When Microsoft unleashed Windows Vista on a surprisingly unsuspecting world three years ago, the software giant delivered on its promise of a major, revolutionary Windows release. But the downsides to such sweeping changes are many, and in the case of Windows Vista, these downsides outweighed the benefits, thanks to narrow-minded and forgetful tech reviewers, screechy Apple advertising, and other factors. And none of those downsides weighed more heavily on users, perhaps, than performance. When it first shipped, Windows Vista simply ran more slowly than its predecessor on the same hardware. You know, just like virtually every other Windows version ever shipped.
The funny thing about Vista performance, however, is that while it improved over time, few people even noticed since Vista-bashing had become a national pastime. Microsoft dramatically overhauled Vista performance, a process that culminated with the release of Vista Service Pack 1 (SP1) in early 2008. Disk file copy issues? Fixed. Startup, standby, resume, and shutdown speeds were all dramatically increased. Drivers were made more efficient, improving battery life. According to industry benchmarks, by the time SP1 shipped, real world Vista performance was on par with, in some cases superior to, that of XP.
Of course, performance tuning is an ongoing process. And sure enough, Microsoft didn't stop with Vista SP1. Vista's second service pack also included general performance improvements across the board, and came with Windows Search 4.0, which dramatically improves search and index performance.
Windows 7 performance improvements
For Windows 7, Microsoft has made further improvements to performance, and this system now offers noticeably better performance than its predecessor. This boost is most keenly felt on the low-end PCs that Vista was simply not designed for. Netbooks, for example, almost universally ship with just 1 GB of RAM, about half the realistic minimum for Vista. But Windows 7 runs quite snappily on these systems, thank you very much, and in my tests, I've seen no real world difference between Windows 7 and XP on three different netbooks and one even more challenged Ultra-Mobile PC. Windows 7 is a performance marvel coupled with a smaller, more efficient footprint. It's the first Windows version in, well, forever to dramatically outperform its predecessor on the same hardware right out of the gate.
How did Microsoft achieve such dramatic performance improvements? According to the company, performance is now considered a core capability, akin to security and functionality. Microsoft has dedicated enormous engineering resources to performance in the wake of Vista's poor reception (undeserved as it was). So performance is one of the PC attributes for which Microsoft provides built-in troubleshooters. And you can use a wizard to adjust various settings for the best possible performance, including, interestingly, a way to prevent applications from running at startup. (This capability is incredibly minimal, however, and you really have to know what you're doing.)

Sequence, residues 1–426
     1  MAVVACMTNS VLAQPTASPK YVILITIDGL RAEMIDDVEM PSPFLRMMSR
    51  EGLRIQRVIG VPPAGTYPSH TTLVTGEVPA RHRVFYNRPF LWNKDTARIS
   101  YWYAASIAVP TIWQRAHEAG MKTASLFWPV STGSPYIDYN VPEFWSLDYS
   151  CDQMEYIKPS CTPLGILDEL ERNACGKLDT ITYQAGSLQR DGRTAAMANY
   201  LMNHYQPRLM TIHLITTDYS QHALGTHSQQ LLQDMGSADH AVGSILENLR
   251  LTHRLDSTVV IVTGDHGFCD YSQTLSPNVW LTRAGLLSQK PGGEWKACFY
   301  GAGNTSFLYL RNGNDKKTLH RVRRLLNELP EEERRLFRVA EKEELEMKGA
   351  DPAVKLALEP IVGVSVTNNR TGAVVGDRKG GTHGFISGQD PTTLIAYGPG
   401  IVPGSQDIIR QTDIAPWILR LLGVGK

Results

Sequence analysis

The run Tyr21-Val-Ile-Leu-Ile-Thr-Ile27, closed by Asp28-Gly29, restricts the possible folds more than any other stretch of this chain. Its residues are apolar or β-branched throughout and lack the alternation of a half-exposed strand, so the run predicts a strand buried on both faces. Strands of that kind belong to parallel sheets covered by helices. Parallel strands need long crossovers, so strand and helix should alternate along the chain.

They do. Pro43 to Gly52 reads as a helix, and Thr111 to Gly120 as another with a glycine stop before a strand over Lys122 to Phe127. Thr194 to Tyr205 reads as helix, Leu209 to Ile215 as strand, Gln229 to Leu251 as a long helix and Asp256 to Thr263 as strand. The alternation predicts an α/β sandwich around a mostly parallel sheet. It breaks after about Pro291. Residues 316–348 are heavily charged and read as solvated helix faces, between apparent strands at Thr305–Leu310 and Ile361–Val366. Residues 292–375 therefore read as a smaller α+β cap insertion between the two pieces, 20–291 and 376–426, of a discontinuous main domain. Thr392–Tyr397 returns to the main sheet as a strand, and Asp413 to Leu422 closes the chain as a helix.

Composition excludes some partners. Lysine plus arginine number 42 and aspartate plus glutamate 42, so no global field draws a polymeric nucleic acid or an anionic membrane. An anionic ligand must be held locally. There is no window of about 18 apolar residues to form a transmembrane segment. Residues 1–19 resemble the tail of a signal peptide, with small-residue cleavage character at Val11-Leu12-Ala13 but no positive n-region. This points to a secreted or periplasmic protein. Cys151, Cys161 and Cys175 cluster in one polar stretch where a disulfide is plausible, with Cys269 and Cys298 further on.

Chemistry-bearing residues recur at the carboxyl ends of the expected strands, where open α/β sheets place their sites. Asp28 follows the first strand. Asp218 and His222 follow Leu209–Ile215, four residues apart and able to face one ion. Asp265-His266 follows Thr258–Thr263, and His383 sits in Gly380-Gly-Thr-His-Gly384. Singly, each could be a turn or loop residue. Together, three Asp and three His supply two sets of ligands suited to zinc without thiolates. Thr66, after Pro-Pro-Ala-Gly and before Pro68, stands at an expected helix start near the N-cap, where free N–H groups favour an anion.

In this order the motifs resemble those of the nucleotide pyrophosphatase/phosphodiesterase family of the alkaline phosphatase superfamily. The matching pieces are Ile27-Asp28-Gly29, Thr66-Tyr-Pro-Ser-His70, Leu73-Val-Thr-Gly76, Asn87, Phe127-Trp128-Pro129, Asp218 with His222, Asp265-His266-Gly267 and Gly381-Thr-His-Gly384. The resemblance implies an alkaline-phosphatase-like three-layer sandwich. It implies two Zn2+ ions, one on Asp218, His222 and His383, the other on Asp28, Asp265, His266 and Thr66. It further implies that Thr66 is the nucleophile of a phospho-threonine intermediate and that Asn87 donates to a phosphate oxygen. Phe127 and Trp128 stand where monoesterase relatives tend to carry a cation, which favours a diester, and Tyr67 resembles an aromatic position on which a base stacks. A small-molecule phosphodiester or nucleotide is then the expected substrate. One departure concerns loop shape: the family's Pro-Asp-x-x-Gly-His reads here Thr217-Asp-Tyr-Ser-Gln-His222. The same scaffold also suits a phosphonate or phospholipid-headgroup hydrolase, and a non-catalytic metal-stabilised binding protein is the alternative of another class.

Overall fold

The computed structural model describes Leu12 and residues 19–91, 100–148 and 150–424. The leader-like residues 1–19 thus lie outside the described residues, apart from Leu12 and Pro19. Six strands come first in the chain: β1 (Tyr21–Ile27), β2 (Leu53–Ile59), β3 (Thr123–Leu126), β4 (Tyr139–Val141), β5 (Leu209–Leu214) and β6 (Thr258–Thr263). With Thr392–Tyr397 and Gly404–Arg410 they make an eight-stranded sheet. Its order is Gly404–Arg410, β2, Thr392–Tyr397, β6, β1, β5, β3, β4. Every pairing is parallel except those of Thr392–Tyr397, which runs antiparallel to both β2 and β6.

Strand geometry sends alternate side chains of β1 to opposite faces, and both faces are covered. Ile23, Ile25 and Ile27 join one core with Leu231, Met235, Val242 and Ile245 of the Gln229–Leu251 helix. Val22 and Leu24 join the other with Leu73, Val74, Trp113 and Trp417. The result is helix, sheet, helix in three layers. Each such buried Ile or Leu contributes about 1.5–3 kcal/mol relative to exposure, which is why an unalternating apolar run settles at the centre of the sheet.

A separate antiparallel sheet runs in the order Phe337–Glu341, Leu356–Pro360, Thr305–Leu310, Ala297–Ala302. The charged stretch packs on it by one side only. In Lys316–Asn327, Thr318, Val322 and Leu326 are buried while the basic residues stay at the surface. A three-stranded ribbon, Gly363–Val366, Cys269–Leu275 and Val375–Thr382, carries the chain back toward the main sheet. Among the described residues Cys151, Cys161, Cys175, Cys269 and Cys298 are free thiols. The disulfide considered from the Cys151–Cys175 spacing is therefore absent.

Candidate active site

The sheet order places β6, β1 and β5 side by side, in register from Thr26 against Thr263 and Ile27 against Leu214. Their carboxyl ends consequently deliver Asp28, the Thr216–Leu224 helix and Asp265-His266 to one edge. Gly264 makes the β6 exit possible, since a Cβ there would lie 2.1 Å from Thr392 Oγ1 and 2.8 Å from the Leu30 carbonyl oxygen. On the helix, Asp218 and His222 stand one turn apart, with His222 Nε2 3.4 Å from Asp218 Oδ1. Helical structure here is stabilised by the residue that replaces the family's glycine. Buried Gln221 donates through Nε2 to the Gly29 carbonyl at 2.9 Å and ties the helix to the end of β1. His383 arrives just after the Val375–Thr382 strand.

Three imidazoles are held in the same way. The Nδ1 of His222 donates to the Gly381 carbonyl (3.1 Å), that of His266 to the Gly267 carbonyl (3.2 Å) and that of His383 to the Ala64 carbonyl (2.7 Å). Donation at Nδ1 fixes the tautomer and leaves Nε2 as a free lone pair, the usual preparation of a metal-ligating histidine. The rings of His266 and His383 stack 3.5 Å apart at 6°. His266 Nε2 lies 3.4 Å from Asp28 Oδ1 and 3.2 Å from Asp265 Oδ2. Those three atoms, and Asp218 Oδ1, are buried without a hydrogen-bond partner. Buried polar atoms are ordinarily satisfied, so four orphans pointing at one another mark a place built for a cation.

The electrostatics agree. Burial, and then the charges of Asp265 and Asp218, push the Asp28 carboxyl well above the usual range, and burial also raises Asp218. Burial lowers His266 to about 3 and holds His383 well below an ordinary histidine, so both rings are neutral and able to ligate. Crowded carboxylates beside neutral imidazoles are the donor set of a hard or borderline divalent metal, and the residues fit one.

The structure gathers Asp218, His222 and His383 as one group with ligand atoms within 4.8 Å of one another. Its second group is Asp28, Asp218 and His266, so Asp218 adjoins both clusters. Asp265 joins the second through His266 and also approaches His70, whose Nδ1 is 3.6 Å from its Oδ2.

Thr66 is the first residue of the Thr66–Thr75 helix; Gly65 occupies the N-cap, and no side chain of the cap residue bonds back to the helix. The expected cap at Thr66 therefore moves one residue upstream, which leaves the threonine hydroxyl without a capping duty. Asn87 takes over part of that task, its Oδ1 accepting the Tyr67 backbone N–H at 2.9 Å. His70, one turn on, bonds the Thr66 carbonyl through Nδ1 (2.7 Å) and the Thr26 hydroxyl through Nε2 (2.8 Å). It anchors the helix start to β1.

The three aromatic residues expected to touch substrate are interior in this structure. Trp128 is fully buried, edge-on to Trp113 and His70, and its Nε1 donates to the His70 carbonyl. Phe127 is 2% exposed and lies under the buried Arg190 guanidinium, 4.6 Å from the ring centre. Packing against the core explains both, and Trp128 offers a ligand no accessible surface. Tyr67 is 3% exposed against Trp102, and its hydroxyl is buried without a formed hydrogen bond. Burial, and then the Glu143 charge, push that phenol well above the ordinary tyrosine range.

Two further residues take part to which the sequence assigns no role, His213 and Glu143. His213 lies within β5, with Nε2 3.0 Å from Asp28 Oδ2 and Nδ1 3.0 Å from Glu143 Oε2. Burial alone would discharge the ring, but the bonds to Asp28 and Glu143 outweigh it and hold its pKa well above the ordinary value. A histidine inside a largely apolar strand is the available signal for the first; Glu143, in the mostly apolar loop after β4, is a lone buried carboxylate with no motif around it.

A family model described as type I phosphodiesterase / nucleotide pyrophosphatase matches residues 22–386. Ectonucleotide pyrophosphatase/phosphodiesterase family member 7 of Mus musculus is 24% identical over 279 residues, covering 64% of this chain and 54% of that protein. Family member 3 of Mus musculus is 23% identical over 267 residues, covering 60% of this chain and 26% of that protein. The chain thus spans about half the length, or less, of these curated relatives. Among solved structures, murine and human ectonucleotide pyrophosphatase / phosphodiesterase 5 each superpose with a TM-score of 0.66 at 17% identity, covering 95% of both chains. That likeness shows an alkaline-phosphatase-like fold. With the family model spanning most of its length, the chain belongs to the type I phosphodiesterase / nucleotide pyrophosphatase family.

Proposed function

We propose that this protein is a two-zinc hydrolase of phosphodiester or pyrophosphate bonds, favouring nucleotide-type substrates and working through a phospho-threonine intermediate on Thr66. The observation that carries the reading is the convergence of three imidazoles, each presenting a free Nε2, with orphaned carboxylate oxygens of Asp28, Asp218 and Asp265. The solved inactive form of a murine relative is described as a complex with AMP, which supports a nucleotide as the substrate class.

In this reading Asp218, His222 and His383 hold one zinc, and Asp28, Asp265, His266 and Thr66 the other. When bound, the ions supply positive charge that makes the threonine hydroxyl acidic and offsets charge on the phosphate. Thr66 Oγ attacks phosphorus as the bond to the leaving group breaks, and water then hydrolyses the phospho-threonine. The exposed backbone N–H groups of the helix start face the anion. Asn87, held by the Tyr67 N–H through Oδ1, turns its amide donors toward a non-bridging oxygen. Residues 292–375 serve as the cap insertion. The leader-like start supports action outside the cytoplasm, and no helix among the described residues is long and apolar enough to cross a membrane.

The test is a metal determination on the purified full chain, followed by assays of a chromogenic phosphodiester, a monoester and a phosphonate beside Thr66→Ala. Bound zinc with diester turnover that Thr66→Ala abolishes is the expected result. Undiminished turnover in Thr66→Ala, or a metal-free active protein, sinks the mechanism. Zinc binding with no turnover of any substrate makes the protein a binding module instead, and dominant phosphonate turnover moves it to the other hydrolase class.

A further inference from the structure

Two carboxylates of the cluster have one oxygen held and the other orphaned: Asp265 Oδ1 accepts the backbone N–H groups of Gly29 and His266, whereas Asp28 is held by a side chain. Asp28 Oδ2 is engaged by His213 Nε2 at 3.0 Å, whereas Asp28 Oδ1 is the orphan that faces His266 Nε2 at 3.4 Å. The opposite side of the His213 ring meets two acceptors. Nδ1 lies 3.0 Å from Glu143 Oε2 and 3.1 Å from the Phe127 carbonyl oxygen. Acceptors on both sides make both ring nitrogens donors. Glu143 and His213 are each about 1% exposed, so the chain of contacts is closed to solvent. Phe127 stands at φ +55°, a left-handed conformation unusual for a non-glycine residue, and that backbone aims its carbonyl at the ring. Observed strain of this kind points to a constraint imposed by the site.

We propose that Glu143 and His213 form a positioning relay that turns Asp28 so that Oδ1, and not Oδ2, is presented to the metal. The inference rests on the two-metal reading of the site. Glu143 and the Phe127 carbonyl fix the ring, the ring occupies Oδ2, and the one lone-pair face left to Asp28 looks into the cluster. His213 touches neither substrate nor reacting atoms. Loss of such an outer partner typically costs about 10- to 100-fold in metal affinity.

Windows 7 includes a Performance troubleshooter.
Under the hood, Microsoft has made general improvements across the board. (You know, the only thing Apple did with its three-years-in-the-making Snow Leopard service back for Mac OS X.) Windows 7 has fewer background tasks running by default, and it offers much better support for multi-core processors. Microsoft made low-level changes to the kernel to allow applications and services to consume the fewest possible resources, especially on low-end PCs. Services are only started when needed, so that Bluetooth service won't be taking up resources if the radio is turned off or unused. But Windows 7 can also trigger-start services as needed. And of course, memory consumption was reduced across the board. Windows 7 runs as well in 1 GB of RAM as Vista does in 2 GB.
For graphics, Desktop Window Manager (DWM) and the graphics stack were shrunk, resulting in increased responsiveness. And video drivers can perform better in Windows 7 than was possible in Vista. Yes, device makers will need to take advantage of this with Windows 7-specific drivers, but those are already appearing. (Otherwise, Vista drivers will work just fine.)
Faster startup, resume, and shutdown
Continuing the work it did in Vista over the past three years, Microsoft has made startup, resume, and shutdown all faster than with Vista, sometimes dramatically. Best of all, Windows 7 resumes from Standby with a Mac-like snappiness that is surprising if you're not used to it. The PC usually takes just a second or two to come to life. Just like that, you're up and running.
Better battery life
A number of factors help improve battery life under Windows 7. The aforementioned reduction of background tasks and the ability to trigger-start services only when needed are a big help. These both helped Microsoft to increase the idle time for the processor: When the processor is idle, the system uses less power and thus increases battery life.